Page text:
The BBC Archive's Burgess At The BBC – The Early Career Of A Notorious Spy collection includes 24 internal documents, memos and letters.

Highlights include:

  • An internal memo about staff photographs: Burgess is pursued for a photograph by an exasperated BBC administrator.
    Written: 1937
    Synopsis: This amusing memo bears witness to the fact that Guy Burgess didn't respond well to the requirements of office administration. Sadly, no copy of the photograph of Burgess on the beach at Margate can be found in the BBC archives.
  • Letter from Guy Burgess to Anthony Blunt: Burgess, as a BBC producer, advises Blunt about speaking on the radio.
    Written: 1938
    Synopsis: Burgess demonstrates a somewhat cavalier approach to programme timing in the advice he gives to Anthony Blunt about the appropriate way of dealing with a shortfall in things to say.
  • A memo from Burgess about Winston Churchill: Burgess recounts his conversation with a mistrustful Churchill.
    Written: 1938
    Synopsis: This short, fascinating memo gives us a glimpse of Burgess' working life at the BBC. It also reveals that, according to Burgess at least, Winston Churchill distrusted the BBC and, as a member of the opposition, was wary of Government interference in its broadcasts.
  • Memo from Burgess querying his salary: Burgess forgets to sign his BBC staff contract and is unhappy with the salary offered.
    Written: 1941
    Synopsis: In this memo explaining why he hasn't signed his contract, Burgess sets out his claim for a higher salary than that offered. He argues not only that he is returning to the BBC with an extra two years' experience under his belt, but, also that he has spent the last two years working in broadcasting and propaganda for the Government. So, obviously, deserves a pay rise.
  • The Langham incident – the response from Burgess: Burgess gives his version of events in the case of the locked door.
    Written: 1941
    Synopsis: This is Guy Burgess' response to the report from the Langham Hotel watchman. He sets out, in itemised detail, his side of the story about the night when he couldn't get into his hotel room and recalls the ensuing disastrous consequences (particularly for the door of room 316).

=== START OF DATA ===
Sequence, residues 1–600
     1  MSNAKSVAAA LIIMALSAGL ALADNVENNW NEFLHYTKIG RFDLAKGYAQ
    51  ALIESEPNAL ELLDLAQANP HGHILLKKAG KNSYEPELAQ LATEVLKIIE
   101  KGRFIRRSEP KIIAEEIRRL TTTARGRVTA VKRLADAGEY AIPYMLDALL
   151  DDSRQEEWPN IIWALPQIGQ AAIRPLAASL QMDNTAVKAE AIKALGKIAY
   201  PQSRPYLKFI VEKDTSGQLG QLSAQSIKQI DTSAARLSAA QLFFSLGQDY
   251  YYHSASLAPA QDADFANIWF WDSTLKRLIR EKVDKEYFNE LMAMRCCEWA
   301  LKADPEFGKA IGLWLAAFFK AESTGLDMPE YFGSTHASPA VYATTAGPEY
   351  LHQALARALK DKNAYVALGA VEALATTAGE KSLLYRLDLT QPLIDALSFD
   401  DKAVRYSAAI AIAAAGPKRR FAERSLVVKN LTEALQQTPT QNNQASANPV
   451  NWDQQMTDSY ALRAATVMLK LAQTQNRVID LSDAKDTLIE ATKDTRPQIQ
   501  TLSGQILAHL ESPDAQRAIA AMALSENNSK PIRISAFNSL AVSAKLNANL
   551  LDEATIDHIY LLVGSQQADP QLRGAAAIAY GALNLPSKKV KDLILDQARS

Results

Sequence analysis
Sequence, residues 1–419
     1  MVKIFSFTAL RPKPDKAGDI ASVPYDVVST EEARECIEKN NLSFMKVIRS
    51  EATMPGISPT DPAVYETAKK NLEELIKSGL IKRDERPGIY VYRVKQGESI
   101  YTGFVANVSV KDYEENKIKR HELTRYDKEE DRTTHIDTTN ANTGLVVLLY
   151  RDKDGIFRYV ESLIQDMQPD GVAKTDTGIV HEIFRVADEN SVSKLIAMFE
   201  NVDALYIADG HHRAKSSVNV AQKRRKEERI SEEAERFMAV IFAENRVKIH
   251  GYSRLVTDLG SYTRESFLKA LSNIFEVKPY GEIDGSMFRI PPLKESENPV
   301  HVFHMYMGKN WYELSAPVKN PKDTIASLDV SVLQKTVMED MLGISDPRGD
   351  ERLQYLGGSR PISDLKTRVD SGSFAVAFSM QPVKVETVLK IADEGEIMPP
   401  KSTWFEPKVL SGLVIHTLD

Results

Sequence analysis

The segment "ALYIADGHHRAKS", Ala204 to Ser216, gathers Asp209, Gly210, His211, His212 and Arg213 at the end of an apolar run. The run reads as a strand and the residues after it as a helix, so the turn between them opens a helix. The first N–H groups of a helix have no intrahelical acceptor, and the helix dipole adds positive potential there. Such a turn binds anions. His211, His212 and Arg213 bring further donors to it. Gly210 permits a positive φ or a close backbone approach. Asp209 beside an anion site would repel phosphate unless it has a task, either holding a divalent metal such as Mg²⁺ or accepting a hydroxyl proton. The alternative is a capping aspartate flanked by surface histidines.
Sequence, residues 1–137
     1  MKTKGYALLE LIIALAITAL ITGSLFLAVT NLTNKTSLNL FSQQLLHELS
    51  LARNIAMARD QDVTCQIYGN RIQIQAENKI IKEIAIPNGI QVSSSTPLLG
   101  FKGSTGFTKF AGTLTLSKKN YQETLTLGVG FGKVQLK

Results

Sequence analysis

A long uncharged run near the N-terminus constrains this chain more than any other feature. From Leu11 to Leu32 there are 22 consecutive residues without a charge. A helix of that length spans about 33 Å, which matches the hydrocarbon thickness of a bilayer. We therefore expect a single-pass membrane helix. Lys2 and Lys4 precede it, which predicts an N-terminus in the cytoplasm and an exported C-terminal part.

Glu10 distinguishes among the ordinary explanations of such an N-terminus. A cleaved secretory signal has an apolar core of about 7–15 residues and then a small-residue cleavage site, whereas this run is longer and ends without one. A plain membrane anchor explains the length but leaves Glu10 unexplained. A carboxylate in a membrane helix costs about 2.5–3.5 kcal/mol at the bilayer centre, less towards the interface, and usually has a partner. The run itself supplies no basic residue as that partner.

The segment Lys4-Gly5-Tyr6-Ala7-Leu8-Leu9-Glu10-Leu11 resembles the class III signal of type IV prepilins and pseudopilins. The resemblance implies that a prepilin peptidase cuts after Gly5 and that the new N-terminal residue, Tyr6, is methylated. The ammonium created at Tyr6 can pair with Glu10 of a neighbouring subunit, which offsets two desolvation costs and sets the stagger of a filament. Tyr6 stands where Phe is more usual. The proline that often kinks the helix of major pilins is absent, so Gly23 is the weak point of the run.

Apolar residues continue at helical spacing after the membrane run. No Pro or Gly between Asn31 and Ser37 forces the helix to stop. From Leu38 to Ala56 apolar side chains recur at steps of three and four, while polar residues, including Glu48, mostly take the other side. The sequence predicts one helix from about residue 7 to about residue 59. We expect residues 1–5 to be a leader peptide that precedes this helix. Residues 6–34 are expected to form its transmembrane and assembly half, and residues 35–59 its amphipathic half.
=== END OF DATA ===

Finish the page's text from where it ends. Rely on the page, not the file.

• An expenses claim sheet and covering note from Burgess: Burgess insists on travelling first class and claims for visiting the House of Commons.
    Written: 1943
    Synopsis: This claim for expenses incurred while on BBC business includes travelling first class to a memorial service and using taxis as a matter of course. The claim would appear to have been contested by the BBC as the accompanying note from Burgess (written on the back of another memo) sets out a forthright list of his reasons for making it.
  • Letter from the Foreign Office to the BBC about Burgess: His country needs him – Burgess is required for essential war work.
    Written: 1944
    Synopsis: A request comes for the release of Guy Burgess from his contract at the BBC so that he can take part in important war propaganda work at the Foreign Office.
  • Memo to the Director-General about Burgess' resignation: The manner and timing of Burgess' departure from the BBC causes concern.
    Written: 1944
    Synopsis: This fascinating memo confirms that the BBC was reluctant to let Burgess go because he was a good producer (a phrase that would later come back to haunt the organisation). It also points to possible tension in relations between the BBC and the Foreign Office, as disapproval is expressed about job offers being made to BBC staff without prior notification to BBC management.
  • A note for Burgess' staff record: A summary of Burgess' strengths, weaknesses and suitability for re-employment.
    Written: 1944
    Synopsis: According to his line manager, Director of Talks, George Barnes, Burgess is good at foreign affairs, understands subjects quickly and has a wide circle of acquaintances. However, his administrative abilities (as borne out by some of the documents in this collection) leave much to be desired.

DM